Obama Points to Agriculture, Eating Habits as New Front in Climate Fight
In his first speech outside the United States since the end of his presidency, Barack Obama concentrated on agriculture as the second-largest contributor of greenhouse gas emissions, after energy, and as a new front in the fight against climate change.
“Our changing climate is already making it more difficult to produce food,” Obama told the Seeds & Chips conference in Milan last week. “We’ve already seen shrinking yields and rising food prices.” Those costs will be borne disproportionately by the poor, he added, noting that refugees headed toward Europe have been driven by famine, not conflict.
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“When we think about issues like food security or climate change, ultimately politicians can help guide policy, but the energy to bring about change is going to come from what people do every day,” he told conference participants.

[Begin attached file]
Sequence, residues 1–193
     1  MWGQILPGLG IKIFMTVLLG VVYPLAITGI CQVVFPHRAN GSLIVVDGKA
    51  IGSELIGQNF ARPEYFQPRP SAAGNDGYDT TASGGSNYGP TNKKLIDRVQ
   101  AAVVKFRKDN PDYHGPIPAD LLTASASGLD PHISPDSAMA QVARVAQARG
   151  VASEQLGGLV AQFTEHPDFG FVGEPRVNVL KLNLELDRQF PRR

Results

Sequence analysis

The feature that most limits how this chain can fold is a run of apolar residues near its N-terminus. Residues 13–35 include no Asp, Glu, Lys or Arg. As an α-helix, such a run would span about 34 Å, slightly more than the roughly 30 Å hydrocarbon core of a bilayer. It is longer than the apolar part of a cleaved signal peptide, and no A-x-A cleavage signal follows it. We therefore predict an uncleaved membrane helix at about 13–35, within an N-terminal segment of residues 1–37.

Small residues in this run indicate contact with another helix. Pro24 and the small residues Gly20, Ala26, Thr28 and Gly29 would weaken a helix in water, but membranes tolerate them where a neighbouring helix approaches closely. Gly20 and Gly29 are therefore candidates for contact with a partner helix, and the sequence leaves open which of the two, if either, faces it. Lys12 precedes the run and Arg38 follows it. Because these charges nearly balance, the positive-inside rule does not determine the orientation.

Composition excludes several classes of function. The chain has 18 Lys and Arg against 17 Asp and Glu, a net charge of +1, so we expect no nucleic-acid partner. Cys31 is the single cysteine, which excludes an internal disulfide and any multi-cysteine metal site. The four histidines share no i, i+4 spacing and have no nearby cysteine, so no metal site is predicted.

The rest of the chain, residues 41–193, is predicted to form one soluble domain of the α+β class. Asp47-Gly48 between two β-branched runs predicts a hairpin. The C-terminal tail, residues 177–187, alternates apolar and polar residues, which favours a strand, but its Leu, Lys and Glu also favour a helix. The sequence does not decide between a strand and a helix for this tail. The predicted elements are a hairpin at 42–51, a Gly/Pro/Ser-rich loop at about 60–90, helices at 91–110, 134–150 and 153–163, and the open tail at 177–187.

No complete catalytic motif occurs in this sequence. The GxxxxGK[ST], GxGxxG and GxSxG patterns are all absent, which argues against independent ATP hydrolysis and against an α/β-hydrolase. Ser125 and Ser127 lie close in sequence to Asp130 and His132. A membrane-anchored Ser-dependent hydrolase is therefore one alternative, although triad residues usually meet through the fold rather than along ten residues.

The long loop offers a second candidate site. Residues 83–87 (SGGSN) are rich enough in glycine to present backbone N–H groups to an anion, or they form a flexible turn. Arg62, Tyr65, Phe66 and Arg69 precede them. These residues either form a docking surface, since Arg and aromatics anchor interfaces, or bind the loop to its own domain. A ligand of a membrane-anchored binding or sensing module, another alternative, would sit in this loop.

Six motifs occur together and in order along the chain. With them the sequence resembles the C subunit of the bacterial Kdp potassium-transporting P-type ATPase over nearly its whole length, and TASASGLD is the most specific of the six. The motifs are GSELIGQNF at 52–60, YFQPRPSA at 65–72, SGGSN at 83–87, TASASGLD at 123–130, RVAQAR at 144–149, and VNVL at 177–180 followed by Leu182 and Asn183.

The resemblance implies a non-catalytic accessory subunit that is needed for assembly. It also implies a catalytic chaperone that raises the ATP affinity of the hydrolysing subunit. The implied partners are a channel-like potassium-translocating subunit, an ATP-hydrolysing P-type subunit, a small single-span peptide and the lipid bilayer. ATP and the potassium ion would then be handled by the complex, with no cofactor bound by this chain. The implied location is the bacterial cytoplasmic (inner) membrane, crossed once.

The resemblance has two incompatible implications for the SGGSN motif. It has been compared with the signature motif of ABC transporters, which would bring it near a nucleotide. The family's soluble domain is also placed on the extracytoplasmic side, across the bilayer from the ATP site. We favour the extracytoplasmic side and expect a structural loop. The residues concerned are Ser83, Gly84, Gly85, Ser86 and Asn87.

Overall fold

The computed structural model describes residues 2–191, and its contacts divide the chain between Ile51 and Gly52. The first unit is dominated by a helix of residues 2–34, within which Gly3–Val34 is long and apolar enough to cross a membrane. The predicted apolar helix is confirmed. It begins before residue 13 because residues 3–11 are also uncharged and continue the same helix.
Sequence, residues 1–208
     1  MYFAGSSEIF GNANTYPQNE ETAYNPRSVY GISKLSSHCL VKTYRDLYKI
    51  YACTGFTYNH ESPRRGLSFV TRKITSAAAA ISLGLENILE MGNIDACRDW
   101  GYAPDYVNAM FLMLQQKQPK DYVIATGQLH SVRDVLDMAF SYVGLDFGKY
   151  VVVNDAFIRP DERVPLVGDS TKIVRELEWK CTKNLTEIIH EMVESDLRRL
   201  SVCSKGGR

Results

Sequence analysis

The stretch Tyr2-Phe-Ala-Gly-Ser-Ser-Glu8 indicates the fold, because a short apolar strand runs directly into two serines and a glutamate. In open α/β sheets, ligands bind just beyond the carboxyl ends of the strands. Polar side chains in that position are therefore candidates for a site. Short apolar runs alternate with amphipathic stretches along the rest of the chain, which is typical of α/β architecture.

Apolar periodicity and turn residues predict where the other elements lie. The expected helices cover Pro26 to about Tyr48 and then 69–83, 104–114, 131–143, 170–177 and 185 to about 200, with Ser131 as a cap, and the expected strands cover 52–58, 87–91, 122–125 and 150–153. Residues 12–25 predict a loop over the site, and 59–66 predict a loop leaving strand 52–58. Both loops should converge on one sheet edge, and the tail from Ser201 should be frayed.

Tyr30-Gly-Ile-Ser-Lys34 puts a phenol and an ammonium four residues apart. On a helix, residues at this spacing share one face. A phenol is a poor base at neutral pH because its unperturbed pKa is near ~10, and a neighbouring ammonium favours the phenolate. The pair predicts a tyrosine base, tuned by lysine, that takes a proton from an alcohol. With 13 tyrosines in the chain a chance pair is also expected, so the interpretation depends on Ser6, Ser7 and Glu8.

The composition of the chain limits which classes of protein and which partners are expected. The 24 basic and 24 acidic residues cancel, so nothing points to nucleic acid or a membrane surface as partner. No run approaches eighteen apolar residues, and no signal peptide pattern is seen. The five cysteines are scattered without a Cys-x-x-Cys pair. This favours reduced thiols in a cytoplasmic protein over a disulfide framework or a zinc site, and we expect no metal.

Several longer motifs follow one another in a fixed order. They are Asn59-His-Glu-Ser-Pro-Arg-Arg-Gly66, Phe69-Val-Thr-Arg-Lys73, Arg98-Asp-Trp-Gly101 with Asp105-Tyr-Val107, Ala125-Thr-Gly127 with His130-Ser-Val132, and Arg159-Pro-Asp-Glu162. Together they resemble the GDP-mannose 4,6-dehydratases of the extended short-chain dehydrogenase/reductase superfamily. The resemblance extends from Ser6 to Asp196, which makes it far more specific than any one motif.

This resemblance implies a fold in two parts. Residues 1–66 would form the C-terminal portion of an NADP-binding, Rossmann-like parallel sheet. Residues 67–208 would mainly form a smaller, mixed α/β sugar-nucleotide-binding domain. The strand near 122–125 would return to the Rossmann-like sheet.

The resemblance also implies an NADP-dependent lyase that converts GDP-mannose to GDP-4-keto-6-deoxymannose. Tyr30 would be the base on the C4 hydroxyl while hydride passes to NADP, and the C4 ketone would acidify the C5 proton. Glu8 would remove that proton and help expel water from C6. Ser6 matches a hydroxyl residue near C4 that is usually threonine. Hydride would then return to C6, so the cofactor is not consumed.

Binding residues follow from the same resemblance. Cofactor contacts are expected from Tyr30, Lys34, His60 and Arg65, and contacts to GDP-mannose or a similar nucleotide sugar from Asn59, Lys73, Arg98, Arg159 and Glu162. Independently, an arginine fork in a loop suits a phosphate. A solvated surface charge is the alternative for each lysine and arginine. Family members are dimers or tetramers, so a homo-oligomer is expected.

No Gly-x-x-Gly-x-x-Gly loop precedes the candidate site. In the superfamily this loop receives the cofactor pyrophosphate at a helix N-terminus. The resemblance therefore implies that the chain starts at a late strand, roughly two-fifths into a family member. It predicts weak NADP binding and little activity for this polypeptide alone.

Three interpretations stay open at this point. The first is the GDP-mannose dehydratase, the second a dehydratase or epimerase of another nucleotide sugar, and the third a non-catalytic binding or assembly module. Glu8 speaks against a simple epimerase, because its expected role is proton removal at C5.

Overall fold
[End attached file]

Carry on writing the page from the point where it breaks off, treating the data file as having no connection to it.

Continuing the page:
“It’s going to come from parents who are concerned about the impact climate change may have on their child, from business people who say how can we use less energy or waste less resources in making our products. It’s millions of decisions made individually that have the ability to make changes.”
While he stressed the success of the Paris agreement as a catalyst for private sector investment in climate solutions, Obama acknowledged the landmark global deal was largely silent on food production. “We are actually seeing a continuing increase in emissions coming out of the agriculture sector, and a lot of that has to do with changing diets around the world,” he said.